During the discussion she offered three examples of real-life legal departments in various industries in which the legal department used a well-defined, systematic process to better manage its outside legal partnerships in the areas of price, panel selection, and matter budgeting. Here’s a closer look at one anecdote she shared:

The Insurance Company

A large insurance company sought to put a data-driven law firm assessment process place by using a scorecard approach to better determine pricing of matters. In order to accomplish this, the legal department first identified what attributes were most important to the legal department in an outside counsel partner. In doing so, the legal department realized that some of the attributes it deemed to be most valuable were more subjective in nature, such as:

  • How well does the law firm communicate with the legal department?
  • How creative is the law firm in its approach?

Once the legal team settled on a handful of key attributes against which to measure the department’s outside legal vendors they quantified them on scale of 1 to 4 to develop a scorecard. As a result of developing a scorecard approach, the legal team is now able to draw comparisons and make more data-driven decisions on how well their legal vendors perform in these areas. In essence, the legal department now uses a systematic, closed-loop process by which to measure outside counsel partners and makes direct comparisons on matter pricing. In addition, it uses the feedback it gets from the process to share with its outside legal vendors and let them know where they stand. As an added bonus, the legal department’s relationships with its outside legal vendors are improved and the department is headed towards a much more data-driven vendor management process.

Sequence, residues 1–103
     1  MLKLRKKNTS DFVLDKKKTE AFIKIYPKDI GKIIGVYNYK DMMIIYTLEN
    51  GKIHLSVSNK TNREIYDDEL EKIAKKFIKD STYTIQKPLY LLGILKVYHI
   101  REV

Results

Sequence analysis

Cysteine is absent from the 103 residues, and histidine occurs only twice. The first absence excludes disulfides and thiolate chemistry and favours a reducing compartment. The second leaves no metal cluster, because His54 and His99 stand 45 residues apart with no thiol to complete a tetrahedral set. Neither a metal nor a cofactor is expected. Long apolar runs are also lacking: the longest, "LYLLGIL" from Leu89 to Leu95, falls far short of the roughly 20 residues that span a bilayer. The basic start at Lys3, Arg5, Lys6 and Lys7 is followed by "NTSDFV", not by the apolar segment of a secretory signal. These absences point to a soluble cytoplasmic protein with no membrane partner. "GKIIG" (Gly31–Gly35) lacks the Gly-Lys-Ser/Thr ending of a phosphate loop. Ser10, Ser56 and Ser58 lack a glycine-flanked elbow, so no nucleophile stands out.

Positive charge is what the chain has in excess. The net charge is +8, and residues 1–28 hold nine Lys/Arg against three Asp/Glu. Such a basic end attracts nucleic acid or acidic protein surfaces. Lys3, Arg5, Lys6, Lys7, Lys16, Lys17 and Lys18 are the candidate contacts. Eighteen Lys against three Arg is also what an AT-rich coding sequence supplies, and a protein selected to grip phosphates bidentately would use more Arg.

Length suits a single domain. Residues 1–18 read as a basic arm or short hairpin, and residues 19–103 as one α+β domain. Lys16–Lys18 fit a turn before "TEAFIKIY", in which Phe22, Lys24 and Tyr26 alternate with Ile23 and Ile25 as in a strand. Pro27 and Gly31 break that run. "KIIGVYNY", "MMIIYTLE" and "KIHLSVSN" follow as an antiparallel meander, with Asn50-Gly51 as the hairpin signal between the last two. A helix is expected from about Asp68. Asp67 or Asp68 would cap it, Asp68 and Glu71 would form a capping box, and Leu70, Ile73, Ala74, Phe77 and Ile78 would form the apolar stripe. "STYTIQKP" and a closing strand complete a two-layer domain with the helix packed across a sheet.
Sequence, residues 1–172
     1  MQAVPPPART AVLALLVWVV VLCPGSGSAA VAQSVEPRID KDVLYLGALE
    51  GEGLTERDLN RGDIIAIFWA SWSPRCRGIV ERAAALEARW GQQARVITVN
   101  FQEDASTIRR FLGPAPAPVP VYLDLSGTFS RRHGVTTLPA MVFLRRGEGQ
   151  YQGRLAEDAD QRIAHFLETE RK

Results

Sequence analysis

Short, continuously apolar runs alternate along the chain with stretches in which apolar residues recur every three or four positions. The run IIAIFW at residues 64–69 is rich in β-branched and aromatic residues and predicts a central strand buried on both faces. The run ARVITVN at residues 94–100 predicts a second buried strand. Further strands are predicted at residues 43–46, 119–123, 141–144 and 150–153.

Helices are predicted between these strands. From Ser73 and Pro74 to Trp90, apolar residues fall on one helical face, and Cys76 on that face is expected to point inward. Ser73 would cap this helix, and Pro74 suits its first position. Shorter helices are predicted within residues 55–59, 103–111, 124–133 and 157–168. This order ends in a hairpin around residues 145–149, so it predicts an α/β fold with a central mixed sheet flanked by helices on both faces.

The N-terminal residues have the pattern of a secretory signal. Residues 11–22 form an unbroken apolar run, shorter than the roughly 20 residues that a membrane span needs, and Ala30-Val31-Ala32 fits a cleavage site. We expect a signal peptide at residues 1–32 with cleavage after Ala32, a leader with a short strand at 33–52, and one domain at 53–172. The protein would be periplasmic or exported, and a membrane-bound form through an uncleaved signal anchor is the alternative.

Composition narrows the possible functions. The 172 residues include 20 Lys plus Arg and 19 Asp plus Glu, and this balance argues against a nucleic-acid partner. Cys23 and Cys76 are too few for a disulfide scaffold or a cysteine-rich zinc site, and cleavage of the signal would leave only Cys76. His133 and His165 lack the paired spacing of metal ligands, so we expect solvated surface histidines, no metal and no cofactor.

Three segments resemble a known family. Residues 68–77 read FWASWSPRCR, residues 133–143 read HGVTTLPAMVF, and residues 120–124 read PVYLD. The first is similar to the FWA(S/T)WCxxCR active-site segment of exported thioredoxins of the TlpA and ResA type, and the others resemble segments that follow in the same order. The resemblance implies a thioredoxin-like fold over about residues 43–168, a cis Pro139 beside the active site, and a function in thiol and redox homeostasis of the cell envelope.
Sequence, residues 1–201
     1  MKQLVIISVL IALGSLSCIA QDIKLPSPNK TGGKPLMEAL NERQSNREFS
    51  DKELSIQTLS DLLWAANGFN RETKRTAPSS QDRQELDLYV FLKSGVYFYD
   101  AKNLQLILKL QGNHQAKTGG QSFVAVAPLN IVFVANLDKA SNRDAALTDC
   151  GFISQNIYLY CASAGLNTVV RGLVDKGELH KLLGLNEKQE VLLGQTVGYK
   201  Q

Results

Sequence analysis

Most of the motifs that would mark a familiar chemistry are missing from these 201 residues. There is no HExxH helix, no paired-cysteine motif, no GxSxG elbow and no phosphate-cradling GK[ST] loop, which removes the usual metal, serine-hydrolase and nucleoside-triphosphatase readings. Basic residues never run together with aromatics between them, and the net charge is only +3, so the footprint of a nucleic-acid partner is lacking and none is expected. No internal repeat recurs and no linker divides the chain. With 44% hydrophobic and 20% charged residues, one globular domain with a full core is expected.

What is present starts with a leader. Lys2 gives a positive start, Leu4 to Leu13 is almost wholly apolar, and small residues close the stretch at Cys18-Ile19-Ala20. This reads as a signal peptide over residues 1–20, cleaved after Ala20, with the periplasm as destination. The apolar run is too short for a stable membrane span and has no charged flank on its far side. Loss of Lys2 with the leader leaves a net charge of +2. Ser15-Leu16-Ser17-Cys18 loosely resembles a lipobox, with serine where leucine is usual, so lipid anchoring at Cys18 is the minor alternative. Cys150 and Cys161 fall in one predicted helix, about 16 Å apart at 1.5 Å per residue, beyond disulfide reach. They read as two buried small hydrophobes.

“Select the best metrics that are most important to you,” said Satkunas.

3 Drivers of Operational Maturity

According to Satkunas, there are three drivers of operational maturity in the legal department:

  • Enterprise Legal Management (ELM) solutions that route information and documents related to legal matters and automate tasks that people might otherwise have to manage manually, is an example of how technology can be used to drive maturity and allow staff to attend to more core work responsibilities. In addition, ELM solutions can help the legal department communicate more efficiently and effectively, internally and externally with their law firm partners.
  • Analysis is another essential part of the maturity process. The discovery and communication of meaningful patterns of data can be used to make more informed decisions related to matter cost against the legal budget. By looking at consistency of outcomes, legal departments can better understand and forecast the various phases of the matter life cycle.
  • Process. Quite simply, process refers to the number of steps or actions the legal department needs to take to reach a particular end. Determining budgets or assessing outside law firm panels are both examples of actions that require a detailed process.